KEYWORDS: H5N8 pre-pandemic vaccine; Immunogenicity; Preclinical evaluation; Protective efficacy

PMID: 30502069 DOI: 10.1016/j.vaccine.2018.11.064

Keywords: Avian Influenza; Pandemic Influenza; Pandemic Preparedness; Vaccines; H5N1; H5N6; H5N8.

——

1818, 1918, 2018: Two #Centuries of #Pandemics (Health Secur., abstract)

[Source: US National Library of Medicine, full page: (LINK). Abstract, edited.]

Health Secur. 2018 Dec 4. doi: 10.1089/hs.2018.0083. [Epub ahead of print]

1818, 1918, 2018: Two Centuries of Pandemics.

Snyder MR1,2, Ravi SJ1,2.

Author information: 1 Michael R. Snyder, MALD, is an Analyst, and Sanjana J. Ravi, MPH, is a Senior Analyst, both at the Johns Hopkins Center for Health Security. 2 Both are Research Associates at the Johns Hopkins Bloomberg School of Public Health, Baltimore, Maryland.

 

Abstract

2018 marks the centennial of the 1918 influenza pandemic, widely acknowledged as one of the deadliest infectious disease crises in human history. As public health and medical communities of practice reflect on the aftermath of the influenza pandemic and the ways in which it has altered the trajectory of history and informed current practices in health security, it is worth noting that the Spanish flu was preceded by a very different 100-year threat: the first Asiatic cholera pandemic of 1817 to 1824. In this commentary, we offer a historical analysis of the common socioeconomic, political, and environmental factors underlying both pandemics, consider the roles of cholera and Spanish flu in shaping global health norms and modern public health practices, and examine how strategic applications of soft power and broadening the focus of health security to include sustainable development could help the world prepare for pandemics of the future.

PMID: 30511884 DOI: 10.1089/hs.2018.0083

Keywords: Pandemics; Pandemic preparedness; Influenza A; Cholera; Society.

——

#Politics and #Pandemics (N Engl J Med., summary)

[Source: The New England Journal of Medicine, full page: (LINK). Summary, edited.]

Perspective

Politics and Pandemics

Ron Klain, J.D.

December 6, 2018 / N Engl J Med 2018; 379:2191-2193 / DOI: 10.1056/NEJMp1813905

____

This year marks the 100th anniversary of the deadliest event in U.S. history: the Spanish influenza epidemic of 1918, which killed more Americans than World Wars I and II combined. Although science and technology have advanced tremendously over the past century, the pandemic peril remains: a recent exercise at the Johns Hopkins Center for Health Security showed that an epidemic of an influenza-like virus could kill 15 million Americans in a single year.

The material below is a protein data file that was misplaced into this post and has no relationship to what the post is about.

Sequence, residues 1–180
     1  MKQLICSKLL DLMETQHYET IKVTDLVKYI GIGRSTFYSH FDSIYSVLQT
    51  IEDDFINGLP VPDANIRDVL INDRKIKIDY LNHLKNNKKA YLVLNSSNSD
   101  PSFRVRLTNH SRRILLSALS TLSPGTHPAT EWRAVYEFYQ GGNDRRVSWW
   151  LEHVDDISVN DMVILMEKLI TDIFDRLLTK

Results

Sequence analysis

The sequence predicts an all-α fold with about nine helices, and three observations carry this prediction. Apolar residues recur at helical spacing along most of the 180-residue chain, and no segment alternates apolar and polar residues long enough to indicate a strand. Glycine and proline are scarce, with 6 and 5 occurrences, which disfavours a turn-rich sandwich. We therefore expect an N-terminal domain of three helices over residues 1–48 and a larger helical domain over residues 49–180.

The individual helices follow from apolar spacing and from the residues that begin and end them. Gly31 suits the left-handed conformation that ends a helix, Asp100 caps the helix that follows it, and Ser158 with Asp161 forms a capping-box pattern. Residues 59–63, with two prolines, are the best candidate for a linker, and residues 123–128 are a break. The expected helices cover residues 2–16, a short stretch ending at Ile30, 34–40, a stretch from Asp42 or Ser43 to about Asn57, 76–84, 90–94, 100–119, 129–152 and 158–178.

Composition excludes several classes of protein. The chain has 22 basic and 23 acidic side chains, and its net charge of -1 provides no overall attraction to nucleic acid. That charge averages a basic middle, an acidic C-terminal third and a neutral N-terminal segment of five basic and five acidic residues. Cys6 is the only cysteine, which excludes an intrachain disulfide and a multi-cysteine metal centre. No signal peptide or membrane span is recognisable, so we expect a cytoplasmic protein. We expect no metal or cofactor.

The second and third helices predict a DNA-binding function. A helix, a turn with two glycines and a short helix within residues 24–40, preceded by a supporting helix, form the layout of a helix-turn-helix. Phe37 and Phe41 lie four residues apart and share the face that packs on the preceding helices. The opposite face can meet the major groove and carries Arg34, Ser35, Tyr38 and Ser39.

(…)

___

Disclosure forms provided by the author are available at NEJM.org.

This article was published on November 7, 2018, at NEJM.org.

Author Affiliations: From Harvard Law School, Cambridge, MA. Mr. Klain was the White House Ebola Response Coordinator from 2014 to 2015.

Keywords: Pandemic Preparedness.

——

The #Angolan #Pandemic #RRT: An #Assessment, Improvement, and #Development Analysis of the First Self-sufficient African National Response Team Curriculum (Disaster Med Public Health Prep., abstract)

[Source: US National Library of Medicine, full page: (LINK). Abstract, edited.]

Disaster Med Public Health Prep. 2018 Nov 27:1-5. doi: 10.1017/dmp.2018.122. [Epub ahead of print]

The Angolan Pandemic Rapid Response Team: An Assessment, Improvement, and Development Analysis of the First Self-sufficient African National Response Team Curriculum.

Owens MD1, Rice J2.

Author information: 1 Naval Medical Center,Portsmouth,Virginia. 2 Navy Environmental and Preventive Medicine Unit 7,Rota,Spain.

 

Abstract

OBJECTIVE:

The purpose of this study was to assess, through participant self-assessment, the effectiveness of a rapid response team curriculum based on the World Health Organization (WHO) Ebola Virus Disease Consolidated Preparedness Checklist, Revision 1.

METHODS:

A pre-and-post survey for the purpose of process improvement assessment involving 44 individuals was conducted in Angola. The survey was conducted before and after a 6-day training workshop held in Luanda, Angola, in December 2017. A paired t-test was used to identify any significant change on six 7-point Likert scale questions with α <.05 (95% CI).

RESULTS:

Two of the 6 questions, “I feel confident the team can effectively work together to accomplish its assigned goals and objectives during a suspected contagious hemorrhagic fever disease outbreak” and “I understand basic pandemic response concepts” changed significantly from the presurvey to the postsurvey. The 4 remaining questions had near statistical significant change or an upward trend.

CONCLUSION:

This Angolan rapid response team training curriculum based on WHO guidelines, After Action Reports, and internationally accepted standard operating procedures provides the nation of Angola with the confidence to rapidly respond at the national level to a highly infectious contagion in the region.

(Disaster Med Public Health Preparedness. 2018;page 1 of 5).

KEYWORDS: Ebola; hemorrhagic fever; public health emergencies of international concern; rapid response teams

PMID: 30479245 DOI: 10.1017/dmp.2018.122

Keywords: Pandemic Preparedness; Ebola; Angola.

——

#Fogarty International Center collaborative #networks in #infectious disease modeling: Lessons learnt in research and capacity building (Epidemics, abstract)

[Source: US National Library of Medicine, full page: (LINK). Abstract, edited.]

Epidemics. 2018 Oct 23. pii: S1755-4365(18)30029-X. doi: 10.1016/j.epidem.2018.10.004. [Epub ahead of print]